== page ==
Unfortunately, that would be Lou Reed’s Metal Machine Music, which doesn’t quite fall into the “so bad it’s good” category but rather the “so bad that decades of amusing conversation have not quite discerned what Reed was trying to do, but the theories are great.” I first heard of this album in the great book The Worst Rock and Roll Records of All Time, a must-have. This is #2. That’s an accomplishment.
They cheat a little with #1 — it’s an album of Elvis Presley’s between-song mutterings. I’d argue that’s a spoken-word album, which means Reed’s effort is #1. But maybe they’re cheating with this one, too. It’s basically guitar feedback minus the guitar playing. Like Elvis’ “work,” this is a byproduct of rock and roll packaged on its own, like having a big tub of MSG instead of the Chinese food it’s supposed to accompany.
This came up because the great music bloggers Jefito and Jason are doing one of their strange male-bonding things in which they send each other crappy stuff to read, hear and generally endure. I think Jason may have to concede now that Jefito has sent him MMM. (The album, not the blog. I hope no one finds my blog difficult to endure. Hee hee … pun on my last name. Anyway.)
But Jason makes the most of it. He took a bunch of pictures of himself listening to MMM, put it over the first 1:45 of the 64-minute epic and put the whole thing on YouTube. You can see Jason’s agony while experiencing only a small taste it. You could even experience none of it if you just mute your computer.
Enjoy (though it’s NSFW):
I’d say Jason’s as good an actor as he is a blogger, but he’s clearly not acting here.
So now I’ll offer a couple of attempted explanations what you just heard (or turned off).
The basic theories are: career suicide, a flip-off to Reed’s record label, a flip-off to music critics, a slow-motion drug overdose, an experiment in avant-garde classical music.
The latter isn’t that far-fetched. In case you wonder why classical music essentially died out as a creative force a couple of decades into the 20th century, it’s because the genre fell into the hands of people who were so busy trying to make grand artistic statements that they didn’t give a crap whether you listened to it.
This happened gradually. Everyone freaked out when Stravinsky unveiled Rite of Spring, but that piece stands up today as a viable piece of music. Then you have Carmina Burana, a very cool song cycle that pops up in ads and movies all the time (the blood-drinking scene in The Doors stands out). Then you have the WWII-era output of Aaron Copland. Anything after that, well, you’re not going to hear it on NPR anytime soon. You may have heard of Philip Glass, but can you hum anything by him?
I’ve met Philip Glass, oddly enough, through the professor who taught my composing class. And as proof that someone out there is still listening to classical music, that professor has his own Wikipedia entry, one that mentions the fine young composer Anthony Kelley.
So it’s not that the genre is dead — it’s just that the most famous guys created unlistenable music. In small doses, it’s amusing. You should’ve seen the sweet, innocent flute players in my music classes when the professor dropped some Stockhausen in the house. But I can assure my CD collection is Stockhausen-free.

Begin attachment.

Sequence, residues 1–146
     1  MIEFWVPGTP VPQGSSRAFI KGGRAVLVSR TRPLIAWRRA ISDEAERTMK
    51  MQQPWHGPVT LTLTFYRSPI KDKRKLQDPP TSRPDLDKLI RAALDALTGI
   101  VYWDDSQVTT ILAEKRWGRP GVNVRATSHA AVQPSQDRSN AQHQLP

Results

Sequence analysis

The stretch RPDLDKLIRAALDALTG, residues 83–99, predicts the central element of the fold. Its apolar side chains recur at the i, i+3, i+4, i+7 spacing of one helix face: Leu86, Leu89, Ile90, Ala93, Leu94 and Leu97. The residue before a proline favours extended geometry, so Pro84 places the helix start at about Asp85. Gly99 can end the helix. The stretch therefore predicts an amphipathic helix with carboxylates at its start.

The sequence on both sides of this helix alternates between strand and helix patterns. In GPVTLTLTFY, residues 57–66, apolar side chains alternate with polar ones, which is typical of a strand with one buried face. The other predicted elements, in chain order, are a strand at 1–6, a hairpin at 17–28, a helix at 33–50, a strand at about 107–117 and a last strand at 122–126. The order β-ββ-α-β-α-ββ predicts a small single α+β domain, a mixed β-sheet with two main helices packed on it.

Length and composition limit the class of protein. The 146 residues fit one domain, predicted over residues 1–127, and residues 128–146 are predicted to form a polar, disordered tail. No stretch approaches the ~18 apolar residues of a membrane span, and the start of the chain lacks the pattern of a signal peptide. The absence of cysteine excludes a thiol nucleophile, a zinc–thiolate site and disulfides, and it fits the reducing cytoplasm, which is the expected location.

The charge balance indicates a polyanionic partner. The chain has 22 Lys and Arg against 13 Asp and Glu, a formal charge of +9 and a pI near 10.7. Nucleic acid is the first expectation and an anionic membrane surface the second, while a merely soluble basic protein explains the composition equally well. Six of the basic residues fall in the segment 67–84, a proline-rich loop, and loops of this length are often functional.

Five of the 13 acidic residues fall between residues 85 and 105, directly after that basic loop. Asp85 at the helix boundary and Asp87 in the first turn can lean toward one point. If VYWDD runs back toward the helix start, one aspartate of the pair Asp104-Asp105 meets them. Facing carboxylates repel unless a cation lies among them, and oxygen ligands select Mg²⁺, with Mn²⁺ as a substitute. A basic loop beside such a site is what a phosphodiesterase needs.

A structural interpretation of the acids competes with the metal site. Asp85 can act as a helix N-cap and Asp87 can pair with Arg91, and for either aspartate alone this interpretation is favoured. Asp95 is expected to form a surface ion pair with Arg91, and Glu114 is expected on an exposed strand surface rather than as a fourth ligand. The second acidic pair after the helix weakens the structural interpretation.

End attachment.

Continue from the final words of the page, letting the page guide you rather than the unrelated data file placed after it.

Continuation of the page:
And indeed, Stockhausen as an influence of this … um … work in the excellent Wikipedia entry, which refutes the Worst R&R Records notion that veteran mastering specialist Bob Ludwig deserves some special prize for withstanding this album. Ludwig apparently thought it compared favorably with the avant-garde classical people. That praise is fainter than that of a Class D star 50 billion light-years away.
Lester Bangs is credited with a great review seeking the bright side of MMM. But the Rolling Stone review is better because it calls bullshit: “Avant-garde artists (Merce Cunningham, John Cage, Andy Warhol) have been experimenting with ennui as a concept for so long that it’s no longer daring to tax the audience’s patience by being deliberately, intensely boring.”
In terms of avant-garde rebuttals, that’s right up there with Hobbes refusing to buy Calvin’s “found art,” despite its grand statements of the pointlessness of art itself, because it doesn’t match his furniture.
Wikipedia also has this: “The German new music ensemble Zeitkratzer have played Metal Machine Music in concert, with Lou Reed as soloist, using tradition classical concert instruments from a score transcribed from the original recording.”
Jason endured a listen, though he shared the experience with his cat. Bob Ludwig got throught it. Rock critics pride themselves on getting through it once. But the members of Zeitkratzer actually sat down and transcribed … something … out of this album.
To the members of Zeitkratzer — you are braver than all of us. Or perhaps you have powerful narcotics that should be studied as a possible cure for all human ailments. In any case, congratulations.
4 thoughts on “Albums that share this blog’s initials”
As always, well said. I’d like to think that I would have come up with at least a few of the points you made here, but I think actually listening to the album erased any chance of rational thought.
This came up because the great music bloggers Jefito and Jason are doing one of their strange male-bonding things in which they send each other crappy stuff to read, hear and generally which we therefore have to endure.
Couldn’t have said it better.
You, my friend, are my blogging hero for the day.
Just one album with initials MMM? Have you forgotten the Andrea True Connection?
See, if you called your blog “Mostly Modern Television,” then this entry would be about the Beatles.